Confronting Bad Behavior

Let’s face it: it can be hard to stand up for yourself.

As women, we are socialized to be friendly, nice, helpful, informative – this works against us. We make up a tiny portion of the audio industry, which makes us more susceptible to disrespect and often means we are on our own (or at least, it feels that way). And in my case, the person I am confronting is practically guaranteed to be physically bigger than me, and probably older too.

I have been asked if I know anything about sound, aggressively quizzed on my resume and technical knowledge, told that I do not belong and have even been flat-out ignored countless times. More often than not, these situations come out of ignorance rather than an intent to harm. After I explain why I am upset they understand, and we are able to move on. But it is still extremely frustrating.

Below are some strategies that I have developed for setting boundaries and confronting these types of behavior head-on. Personally, I like to word my reaction so that the uncomfortableness I am feeling is reflected back onto the other person, but the sharpness of my response varies greatly depending on what was said and whether they are open to listening. Theoretically, you should only have to explain why a situation is not OK once.

Option #1: Play dumb and ask “why”

This strategy works best with offensive jokes and similar lines of questioning. Pretend that everything is a simple misunderstanding on your part and continue asking for more explanation as to their motivations for asking or telling you something. Repeat as many times as necessary.

  • Why are you asking me that?
  • Sorry, but is there something about me that implies that I don’t know anything about audio?
  • What makes you think that was an appropriate thing to say to me?
  • Actually, I’m afraid I don’t get why [offensive joke] is funny. Can you explain?

Option #2: Shut it down

Word your response strongly and matter-of-factly. I like to use a polite but stern voice while making it clear that I’m upset. Ideally, the conversation will end there; if the person keeps pushing, I make it clear that I am done talking about the subject by changing the subject back to work (and sometimes explicitly stating so).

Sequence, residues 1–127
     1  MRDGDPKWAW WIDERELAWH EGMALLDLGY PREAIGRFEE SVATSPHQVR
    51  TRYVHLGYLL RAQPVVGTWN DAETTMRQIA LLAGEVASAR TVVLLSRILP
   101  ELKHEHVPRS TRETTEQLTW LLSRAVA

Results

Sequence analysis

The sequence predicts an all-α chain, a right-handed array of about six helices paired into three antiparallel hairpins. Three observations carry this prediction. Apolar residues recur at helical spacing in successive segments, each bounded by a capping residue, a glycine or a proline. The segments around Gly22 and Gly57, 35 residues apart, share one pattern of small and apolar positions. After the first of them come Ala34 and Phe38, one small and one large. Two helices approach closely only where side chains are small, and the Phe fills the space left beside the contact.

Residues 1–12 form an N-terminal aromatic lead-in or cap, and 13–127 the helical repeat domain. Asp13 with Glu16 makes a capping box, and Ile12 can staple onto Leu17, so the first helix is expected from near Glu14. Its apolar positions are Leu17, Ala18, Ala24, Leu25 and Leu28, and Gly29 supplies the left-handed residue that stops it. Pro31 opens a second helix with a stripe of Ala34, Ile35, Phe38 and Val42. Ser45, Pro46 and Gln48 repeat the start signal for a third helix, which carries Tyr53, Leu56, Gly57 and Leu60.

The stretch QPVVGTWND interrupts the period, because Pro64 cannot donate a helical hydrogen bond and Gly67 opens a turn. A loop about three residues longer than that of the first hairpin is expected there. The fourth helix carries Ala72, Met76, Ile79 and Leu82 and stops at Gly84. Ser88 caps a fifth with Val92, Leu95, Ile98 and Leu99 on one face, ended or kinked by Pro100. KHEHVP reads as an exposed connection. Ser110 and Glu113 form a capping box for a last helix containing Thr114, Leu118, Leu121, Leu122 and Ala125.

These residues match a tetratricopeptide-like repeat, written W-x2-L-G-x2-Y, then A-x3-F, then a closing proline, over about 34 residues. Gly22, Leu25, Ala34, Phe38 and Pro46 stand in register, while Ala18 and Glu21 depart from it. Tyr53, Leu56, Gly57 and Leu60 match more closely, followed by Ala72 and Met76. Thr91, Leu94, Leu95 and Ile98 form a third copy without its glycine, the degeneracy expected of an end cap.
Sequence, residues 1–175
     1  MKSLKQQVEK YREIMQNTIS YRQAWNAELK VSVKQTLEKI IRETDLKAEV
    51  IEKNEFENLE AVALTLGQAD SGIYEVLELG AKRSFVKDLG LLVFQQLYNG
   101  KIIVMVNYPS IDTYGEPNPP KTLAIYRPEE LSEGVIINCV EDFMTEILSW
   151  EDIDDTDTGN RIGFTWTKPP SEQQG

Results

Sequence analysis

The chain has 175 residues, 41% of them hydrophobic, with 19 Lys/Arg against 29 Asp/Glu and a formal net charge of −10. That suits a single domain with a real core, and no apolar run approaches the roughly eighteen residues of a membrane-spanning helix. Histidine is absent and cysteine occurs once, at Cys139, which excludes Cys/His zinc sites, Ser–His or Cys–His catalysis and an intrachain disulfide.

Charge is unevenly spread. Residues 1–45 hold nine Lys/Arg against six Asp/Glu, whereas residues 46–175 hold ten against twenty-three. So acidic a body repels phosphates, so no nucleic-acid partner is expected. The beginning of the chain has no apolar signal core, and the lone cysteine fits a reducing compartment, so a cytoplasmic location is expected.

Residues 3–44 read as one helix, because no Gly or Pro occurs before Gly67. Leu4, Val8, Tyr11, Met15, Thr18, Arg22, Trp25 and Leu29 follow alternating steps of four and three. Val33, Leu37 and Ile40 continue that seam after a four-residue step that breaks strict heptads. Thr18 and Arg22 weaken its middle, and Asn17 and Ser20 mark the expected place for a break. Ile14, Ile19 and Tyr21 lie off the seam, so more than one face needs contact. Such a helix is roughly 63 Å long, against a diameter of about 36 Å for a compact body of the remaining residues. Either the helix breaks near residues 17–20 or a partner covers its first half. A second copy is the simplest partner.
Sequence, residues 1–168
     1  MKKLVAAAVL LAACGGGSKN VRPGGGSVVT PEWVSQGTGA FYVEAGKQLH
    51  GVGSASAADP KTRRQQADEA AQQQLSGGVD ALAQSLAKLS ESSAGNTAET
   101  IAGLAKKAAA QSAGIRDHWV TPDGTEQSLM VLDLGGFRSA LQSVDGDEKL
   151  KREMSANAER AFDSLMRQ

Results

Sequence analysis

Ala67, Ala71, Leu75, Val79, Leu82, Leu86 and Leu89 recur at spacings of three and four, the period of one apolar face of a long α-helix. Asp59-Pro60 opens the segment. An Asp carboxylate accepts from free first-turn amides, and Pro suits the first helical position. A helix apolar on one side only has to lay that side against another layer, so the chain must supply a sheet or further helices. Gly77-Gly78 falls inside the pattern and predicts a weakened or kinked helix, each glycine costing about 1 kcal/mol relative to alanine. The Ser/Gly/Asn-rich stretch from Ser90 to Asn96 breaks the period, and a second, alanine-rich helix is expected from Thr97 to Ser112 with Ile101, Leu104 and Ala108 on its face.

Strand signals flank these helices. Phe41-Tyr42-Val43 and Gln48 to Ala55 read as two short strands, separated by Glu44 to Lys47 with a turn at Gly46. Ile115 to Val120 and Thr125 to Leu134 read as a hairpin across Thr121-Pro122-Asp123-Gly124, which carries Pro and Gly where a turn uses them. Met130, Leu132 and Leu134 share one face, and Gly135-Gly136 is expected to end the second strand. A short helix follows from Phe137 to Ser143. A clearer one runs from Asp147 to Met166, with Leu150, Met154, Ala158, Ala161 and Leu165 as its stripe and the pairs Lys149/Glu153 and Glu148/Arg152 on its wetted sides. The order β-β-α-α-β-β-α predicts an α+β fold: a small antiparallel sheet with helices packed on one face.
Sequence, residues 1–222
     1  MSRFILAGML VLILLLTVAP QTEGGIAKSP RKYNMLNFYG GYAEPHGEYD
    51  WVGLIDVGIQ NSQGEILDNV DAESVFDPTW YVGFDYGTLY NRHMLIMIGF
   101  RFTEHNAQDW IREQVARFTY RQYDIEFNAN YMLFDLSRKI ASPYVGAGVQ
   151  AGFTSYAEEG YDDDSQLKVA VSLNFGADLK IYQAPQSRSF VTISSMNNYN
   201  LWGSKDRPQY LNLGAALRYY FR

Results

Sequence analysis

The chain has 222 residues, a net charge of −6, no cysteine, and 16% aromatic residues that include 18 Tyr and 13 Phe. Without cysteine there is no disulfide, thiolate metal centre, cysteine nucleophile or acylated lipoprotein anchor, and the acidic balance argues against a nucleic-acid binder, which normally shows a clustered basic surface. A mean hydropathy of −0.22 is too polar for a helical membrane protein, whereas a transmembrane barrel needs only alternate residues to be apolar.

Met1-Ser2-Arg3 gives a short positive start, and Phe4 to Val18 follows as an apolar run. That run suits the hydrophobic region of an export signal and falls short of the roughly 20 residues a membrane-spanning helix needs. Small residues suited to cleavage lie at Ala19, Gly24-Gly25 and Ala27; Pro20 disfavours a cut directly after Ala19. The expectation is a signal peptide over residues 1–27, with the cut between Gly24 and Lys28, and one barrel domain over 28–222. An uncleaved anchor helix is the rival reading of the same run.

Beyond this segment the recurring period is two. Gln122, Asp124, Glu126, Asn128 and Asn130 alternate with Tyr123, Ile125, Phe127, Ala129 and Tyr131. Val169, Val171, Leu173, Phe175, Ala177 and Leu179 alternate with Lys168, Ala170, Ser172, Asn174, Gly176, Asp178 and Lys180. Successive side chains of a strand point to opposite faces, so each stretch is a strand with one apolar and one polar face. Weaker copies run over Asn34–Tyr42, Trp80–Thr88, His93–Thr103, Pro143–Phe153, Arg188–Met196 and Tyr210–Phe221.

• I do not like being called ‘honey. Do not call me that again.
  • Let me finish my sentence/conversation.
  • Actually, this year is my eighth year in live sound, I wouldn’t be working here if I didn’t know anything.
  • I find it a little insulting that you would ask me if I know anything about sound. I didn’t imply that you were incompetent when you got here.
  • I have told you already that I am not interested in a date. Can we finish the show like professionals or not?

Option #3: Ignore it

Sometimes the potential consequences outweigh speaking up, or it just doesn’t feel like a battle worth fighting. Dealing with these situations can be exhausting, especially if they’re ongoing or recurring – there’s no shame in simply not feeling like fighting.

In some cases, it’s not even remotely clear what action would be useful. When the man you’re hoping will hire you goes on a 15-minute semi-incoherent rant about how racism doesn’t exist, where do you even begin? It’s been over a year since that happened, and I still have no idea what could have been said that wouldn’t have just extended it. In fact, sometimes ignoring a behavior is arguably the best way to go about things. (I’m thinking of the sound engineers who whistled at me like a dog and blinked their flashlights on and off at me whenever they wanted my attention, respectively).

Option #4: Involve more people

If addressing the matter isn’t working privately, sometimes calling the behavior out with others within earshot is enough to end it. Of course, that depends a lot on the attitudes of the people around you, and whether the perpetrator of the behavior has any shame.

If you aren’t having success, ask someone else to help you. Tell your coworkers what is going on and ask them to back you up or keep an eye out for you. Ask someone with more authority (or perceived authority) to help.

In extreme cases, you might have to find ways to physically deter the person from reaching you. I have kept security next to me to ward off a DJ who repeatedly came into the booth, took my decibel reader, made a reading, and refused to leave until I had turned it up to the unreasonably loud level he wanted. You do not have to handle things by yourself.

Option #5: Accept defeat

So you’ve shouted into the tour manager’s ear five times that you are not compressing the DJ mixes, the DJs themselves are triggering the speakers’ compression because their gain is so high. You’ve even shown him that you don’t even have the soundboard’s compressor enabled. But he’s still explaining to you that it’s your fault. At this point, it’s time to get a coworker to come over and repeat the exact same thing because repeating yourself into oblivion is an extremely inefficient way to get things done and irritating on all sides.

Unfortunately, sometimes it becomes clear that you will not get anywhere with a specific person. Whether they won’t let you get a word in, won’t listen to the words you are telling them, or act like you don’t exist, nothing is going to give. In this case, I find it useful to find a third person (at least older than me, usually male) to let my communication flow through, which is annoying is necessary to get things done first try. Obviously, this is my least favorite option, but it’s important to know when to cut your losses.


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